TikTok's "Triangle Method" Technique Is The Key To Better Flirting

It's all about eye contact.

What a body language expert says about TikTok's triangle method eye contact technique.
Getty Images/Willie B. Thomas

It’s not uncommon for an amazing date to end with an awkward moment where you stand around, laugh nervously, talk about the weather, and try to suss out the vibes before a first kiss. If you love to revel in cute coyness, carry on and see what happens. If you dread this moment or want to cut to the chase, the triangle method is for you.

The triangle method is a flirty body language technique that supposedly sends the message that you’re into someone without having to say it out loud. Over on TikTok, it has over 24 million views and videos of countless people who say it’s a foolproof way to make your crush fall in love. All it takes is some deliberate eye contact.

To successfully nail the triangle method, simply trace the shape of an upside triangle with your eyes. As you face your date, glance at one of their eyes, look quickly down at their mouth, then back up to their other eye to form a triangle. That’s it.

This move not only shows that you’re enjoying the moment and probably interested in kissing, but it can also make your date feel some type of way. Here, a body language expert breaks down the legitimacy behind the triangle method eye contact technique.

Why The Triangle Method Works

According to Patti Wood, MA, a body language expert and author of SNAP: Making the Most Of First Impressions, Body Language, and Charisma, people are constantly exchanging nonverbal cues to show either signs of interest or disinterest, especially on a date. If someone’s into you, she says they might lean forward when talking, gently brush up against you, or even angle their feet in your direction.

When someone’s into you, they also might blush as you talk and flirt. This is one reason why people wear red lipstick and pink blush, Wood says. The color sends a biological message that your blood is pumping, you’re in the mood, and are maybe even falling in love. Notice one or two of these signals — or all of the above — and chances are a kiss is on the horizon.

The triangle method is just another body language signal that sends a subtle message of interest and connection. While a kiss can totally happen without it, this cue speeds up the process by showing that you’re locked in and interested in getting closer.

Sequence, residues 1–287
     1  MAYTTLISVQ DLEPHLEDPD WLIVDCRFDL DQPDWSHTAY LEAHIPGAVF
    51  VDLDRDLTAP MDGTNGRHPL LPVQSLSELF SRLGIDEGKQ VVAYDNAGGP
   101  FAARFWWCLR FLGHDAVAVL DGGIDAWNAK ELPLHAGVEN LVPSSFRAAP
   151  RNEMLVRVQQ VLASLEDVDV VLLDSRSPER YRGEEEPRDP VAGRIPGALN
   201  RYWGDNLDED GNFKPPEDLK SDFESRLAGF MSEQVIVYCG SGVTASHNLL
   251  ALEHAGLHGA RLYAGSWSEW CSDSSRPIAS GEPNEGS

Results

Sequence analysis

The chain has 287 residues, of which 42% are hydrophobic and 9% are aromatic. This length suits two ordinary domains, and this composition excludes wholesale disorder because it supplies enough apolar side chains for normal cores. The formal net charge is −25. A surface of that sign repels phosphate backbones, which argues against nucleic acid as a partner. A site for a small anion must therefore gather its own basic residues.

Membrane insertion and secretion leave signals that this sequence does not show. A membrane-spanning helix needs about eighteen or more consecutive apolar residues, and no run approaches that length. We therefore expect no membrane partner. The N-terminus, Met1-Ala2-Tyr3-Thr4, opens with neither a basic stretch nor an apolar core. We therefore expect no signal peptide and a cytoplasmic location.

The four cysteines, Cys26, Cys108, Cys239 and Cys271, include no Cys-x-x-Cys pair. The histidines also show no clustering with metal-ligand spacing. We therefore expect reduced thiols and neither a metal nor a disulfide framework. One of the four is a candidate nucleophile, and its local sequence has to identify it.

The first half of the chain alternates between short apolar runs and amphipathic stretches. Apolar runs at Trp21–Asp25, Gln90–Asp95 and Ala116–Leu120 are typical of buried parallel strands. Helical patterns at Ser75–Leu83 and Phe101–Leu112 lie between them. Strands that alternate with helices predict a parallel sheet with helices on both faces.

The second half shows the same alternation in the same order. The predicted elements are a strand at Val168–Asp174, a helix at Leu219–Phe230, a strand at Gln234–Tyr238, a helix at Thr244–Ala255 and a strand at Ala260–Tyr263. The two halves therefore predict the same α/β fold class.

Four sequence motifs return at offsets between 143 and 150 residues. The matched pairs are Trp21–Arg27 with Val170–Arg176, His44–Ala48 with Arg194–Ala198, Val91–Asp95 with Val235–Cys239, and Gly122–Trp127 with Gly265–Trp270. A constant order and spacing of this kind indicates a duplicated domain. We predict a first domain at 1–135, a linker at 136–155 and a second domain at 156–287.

Your mouth and eyes are part of what Wood refers to as the “golden triangle” of your face. This is made up of your eyes, forehead, and mouth, and it’s the area you look at most during interactions. If you and your date aren’t meshing, you probably won’t focus on each other’s faces all that much. Instead, you’ll look away as a sign of disinterest or have closed-off body language, like crossed arms.

If you’re both into it, that’s when a lot of eye contact starts to happen. Lingering eye contact is, after all, perceived as super arousing. According to a 2019 study published in Frontiers in Psychology, it’s also a two-way street: People make and receive it as a form of communication.

Glancing down at your date’s mouth also breaks down walls, which is why the triangle method can get someone all hot and bothered. The other person will feel the intensity of your eye contact and notice that you’re constantly looking at their mouth — and, if you both have chemistry, it’ll make sense at that point to lean in and kiss.

Once you know that the triangle method exists, you might spot someone trying it out on you. While it isn’t always conscious, chances are they’re a least a little bit interested in a kiss if their eyes keep shifting down to your lips. Either that, or they’re about to offer you some lip balm.

Studies referenced:

De Stefani, E. (2019). Language, Gesture, and Emotional Communication: An Embodied View of Social Interaction. Front Psychol. doi: 10.3389/fpsyg.2019.02063.

Jarick, M. (2019). Eye Contact Is a Two-Way Street: Arousal Is Elicited by the Sending and Receiving of Eye Gaze Information. Front Psychol. doi: 10.3389/fpsyg.2019.01262.

Kennair, L. E. O. (2022). Perceived Effectiveness of Flirtation Tactics: The Effects of Mating Context and Individual Differences in US and Norwegian Samples. Evolutionary Psychology.

Wade, JA. (2018). (I Think) You Are Pretty: a Behavior Analytic Conceptualization of Flirtation. Perspect Behav Sci. doi: 10.1007/s40614-018-0136-y.


Patti Wood, MA, body language expert, author of SNAP: Making the Most Of First Impressions, Body Language, and Charisma